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Friday, 30 September 2016

Legends of Kraków: St. Mary's Church - The Hejnal

Dearest hearts,

Krakow is a magical city filled with legends at each and every footstep. All you need to do is listen to its stories with an open heart and its beauties will unfold. This takes time and takes commitment also from your side ;)  Nowdays people - when they travel - they do it absent mindedly. They focus on the main points of interest in the city, they stand in lines to buy tickets to the "must see"places, they take picture after picture after picture... and they do not enjoy the environment, they do not breathe in the true nature of the place they visit. Most of the times they just go through the "city break"without truly learning something. I, for one, love the legends and stories and myths connected to each place I visit. I wonder and I ask questions... I am that person in the group that always has to stand up and ask the embarassing/awkward/weird questions - that's me! That's why I know so many legends and stories about Krakow - like the one about Kosciol Mariacki and the 2 brothers. Well today I will tell you another story, also related to Kosciol Mariacki - St. Mary's Church in Krakow. 
If you ever visited Krakow than you must have heard the bugle call from the top of St. Mary's Church - the central church in the Main Market Square. You must have seen crowds gathering every hour to catch a glimpse of the golden trumpet that comes out of the most upper windows of the tallest tower. It first plays its song on the West window followed by the East, South and North. At noon the signal is always broadcasted by the national Polish radio station, ever since the 1920s. It's a sound that the Krakowians love and know by heart!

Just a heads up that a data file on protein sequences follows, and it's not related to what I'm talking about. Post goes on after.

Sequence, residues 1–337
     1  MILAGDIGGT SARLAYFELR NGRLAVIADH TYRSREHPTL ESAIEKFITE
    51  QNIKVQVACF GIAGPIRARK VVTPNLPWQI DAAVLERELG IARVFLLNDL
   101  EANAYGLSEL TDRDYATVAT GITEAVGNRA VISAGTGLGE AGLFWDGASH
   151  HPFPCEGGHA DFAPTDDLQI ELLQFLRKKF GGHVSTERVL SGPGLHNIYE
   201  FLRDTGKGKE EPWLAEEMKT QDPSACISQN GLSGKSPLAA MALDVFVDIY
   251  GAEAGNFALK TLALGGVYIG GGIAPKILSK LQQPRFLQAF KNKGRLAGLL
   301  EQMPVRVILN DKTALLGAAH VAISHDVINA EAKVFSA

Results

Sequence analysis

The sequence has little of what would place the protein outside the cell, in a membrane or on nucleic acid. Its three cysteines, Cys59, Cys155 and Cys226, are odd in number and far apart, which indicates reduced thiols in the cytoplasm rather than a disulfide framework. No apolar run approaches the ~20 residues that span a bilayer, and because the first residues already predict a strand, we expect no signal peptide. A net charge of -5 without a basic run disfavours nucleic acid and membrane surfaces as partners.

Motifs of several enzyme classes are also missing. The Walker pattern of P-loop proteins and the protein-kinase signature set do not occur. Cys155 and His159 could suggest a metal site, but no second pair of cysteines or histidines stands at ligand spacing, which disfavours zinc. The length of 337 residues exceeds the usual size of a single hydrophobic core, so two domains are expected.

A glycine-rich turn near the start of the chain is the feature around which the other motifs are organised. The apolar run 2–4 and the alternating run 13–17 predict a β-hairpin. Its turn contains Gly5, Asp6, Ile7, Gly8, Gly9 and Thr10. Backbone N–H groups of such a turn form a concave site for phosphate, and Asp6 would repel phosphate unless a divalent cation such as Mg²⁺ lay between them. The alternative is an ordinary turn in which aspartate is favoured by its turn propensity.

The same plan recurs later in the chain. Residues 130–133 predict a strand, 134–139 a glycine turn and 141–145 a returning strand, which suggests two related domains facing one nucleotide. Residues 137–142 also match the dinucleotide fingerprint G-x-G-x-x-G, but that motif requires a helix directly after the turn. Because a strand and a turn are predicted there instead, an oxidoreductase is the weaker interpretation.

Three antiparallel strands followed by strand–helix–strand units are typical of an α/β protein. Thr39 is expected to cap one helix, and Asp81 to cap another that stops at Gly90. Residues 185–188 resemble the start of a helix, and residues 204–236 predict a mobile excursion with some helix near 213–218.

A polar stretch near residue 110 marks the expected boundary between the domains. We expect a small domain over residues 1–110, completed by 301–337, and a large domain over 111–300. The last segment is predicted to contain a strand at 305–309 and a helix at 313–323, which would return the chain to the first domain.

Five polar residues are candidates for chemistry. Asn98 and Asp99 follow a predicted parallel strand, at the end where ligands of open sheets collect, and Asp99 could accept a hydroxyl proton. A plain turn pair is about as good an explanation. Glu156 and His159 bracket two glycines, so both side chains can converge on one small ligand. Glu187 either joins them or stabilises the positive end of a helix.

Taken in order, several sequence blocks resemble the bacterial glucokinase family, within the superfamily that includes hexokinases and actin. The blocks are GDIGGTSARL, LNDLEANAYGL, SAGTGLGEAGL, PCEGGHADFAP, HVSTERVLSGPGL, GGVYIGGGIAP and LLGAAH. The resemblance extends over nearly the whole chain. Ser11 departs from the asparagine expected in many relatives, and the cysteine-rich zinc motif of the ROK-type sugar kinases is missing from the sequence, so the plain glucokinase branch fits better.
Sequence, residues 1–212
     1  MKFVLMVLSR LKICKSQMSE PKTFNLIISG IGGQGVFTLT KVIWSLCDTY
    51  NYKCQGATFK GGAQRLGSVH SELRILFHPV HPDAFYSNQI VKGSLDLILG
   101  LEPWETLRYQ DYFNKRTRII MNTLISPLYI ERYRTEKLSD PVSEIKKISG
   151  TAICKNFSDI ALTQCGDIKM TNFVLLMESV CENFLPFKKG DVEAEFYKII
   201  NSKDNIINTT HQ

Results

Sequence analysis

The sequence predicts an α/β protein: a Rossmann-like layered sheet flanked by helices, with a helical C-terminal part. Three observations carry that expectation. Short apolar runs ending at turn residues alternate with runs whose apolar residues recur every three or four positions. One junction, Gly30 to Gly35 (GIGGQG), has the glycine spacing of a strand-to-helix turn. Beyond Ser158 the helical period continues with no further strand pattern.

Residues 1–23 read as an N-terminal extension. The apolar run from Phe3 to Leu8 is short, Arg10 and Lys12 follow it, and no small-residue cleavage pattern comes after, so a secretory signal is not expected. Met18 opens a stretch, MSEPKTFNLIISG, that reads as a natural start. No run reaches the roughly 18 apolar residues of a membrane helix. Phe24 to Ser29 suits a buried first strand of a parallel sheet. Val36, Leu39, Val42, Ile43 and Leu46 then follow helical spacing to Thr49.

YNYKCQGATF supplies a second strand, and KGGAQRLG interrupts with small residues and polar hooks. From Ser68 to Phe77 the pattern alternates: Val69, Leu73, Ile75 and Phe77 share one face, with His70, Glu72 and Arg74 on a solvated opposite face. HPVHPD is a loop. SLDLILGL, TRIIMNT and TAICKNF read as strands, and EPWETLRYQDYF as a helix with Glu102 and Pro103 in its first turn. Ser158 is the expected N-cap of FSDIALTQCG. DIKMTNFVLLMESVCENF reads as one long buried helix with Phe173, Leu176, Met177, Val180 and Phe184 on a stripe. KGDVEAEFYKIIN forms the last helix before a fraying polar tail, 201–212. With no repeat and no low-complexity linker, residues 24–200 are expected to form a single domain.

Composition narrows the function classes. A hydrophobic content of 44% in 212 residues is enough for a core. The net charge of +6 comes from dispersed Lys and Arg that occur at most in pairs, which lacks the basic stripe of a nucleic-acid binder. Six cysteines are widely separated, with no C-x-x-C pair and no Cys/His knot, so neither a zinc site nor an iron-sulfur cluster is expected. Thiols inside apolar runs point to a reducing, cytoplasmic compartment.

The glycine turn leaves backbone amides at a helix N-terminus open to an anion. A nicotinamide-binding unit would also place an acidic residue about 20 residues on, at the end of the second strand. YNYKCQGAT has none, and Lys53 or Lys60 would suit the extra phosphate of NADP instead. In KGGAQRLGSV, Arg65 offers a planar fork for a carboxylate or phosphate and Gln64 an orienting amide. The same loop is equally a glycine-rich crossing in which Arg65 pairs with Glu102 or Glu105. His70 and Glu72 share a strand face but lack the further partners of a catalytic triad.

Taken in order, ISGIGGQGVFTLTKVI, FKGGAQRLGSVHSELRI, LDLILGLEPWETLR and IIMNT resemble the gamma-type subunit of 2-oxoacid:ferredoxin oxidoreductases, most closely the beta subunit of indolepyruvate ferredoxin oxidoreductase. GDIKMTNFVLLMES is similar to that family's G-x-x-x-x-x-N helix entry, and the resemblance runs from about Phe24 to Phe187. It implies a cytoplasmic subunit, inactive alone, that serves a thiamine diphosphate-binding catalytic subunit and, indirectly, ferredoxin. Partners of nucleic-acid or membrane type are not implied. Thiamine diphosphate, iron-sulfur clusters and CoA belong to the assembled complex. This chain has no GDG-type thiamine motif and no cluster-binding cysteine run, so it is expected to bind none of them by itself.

It is said that the broken signal dates from the Middle Ages, when it would signal the opening and closing of the city gates - the tower gives a perfect view of the Florianska street and Florianska Gate leading further on to the Barbakan (the main entrance to the city, through its defence walls). The bugler on top of the tower would also play the song in case of fire or enemy attack. The song of the bugle that ends so abruptly is - it is said - due to a trumpeteer that lost its life during a mongol attack in 1241. It is said that an arrow pierced his throat while he was singing the warning alarm. This "celebration" of the trumpeteers bravery - the song being played on top of the St. Mary Church, in the higher tower - was done almost without any interruption for over 700 years! The Hejnal is played daily, each and every hour, by one of the fireman standing there on 12 hours shifts! They play it no matter the weather or any other circumstances and it is considered good luck if you wave to him and if he waves back ;) 

Interesting Facts: 
1) During the Second World War, a bugler from the 2nd Polish Corps played the tune to announce the Polish victory in the Battle of Monte Cassino on 18 May 1944. 
2) The longest-serving trumpeter was Adolf Śmietana, who played the Hejnał for 36 years beginning in 1926. The Kołton family has played the Hejnał for three consecutive generations. In October 2004, Jan Kołton retired after 33 years of service at the tower. His father had been a Hejnał bugler for 35 years previously, while his son is one of the four current buglers.

Yours sincerly,
The Twisted Red LadyBug that loves Kraków and it's legends and stories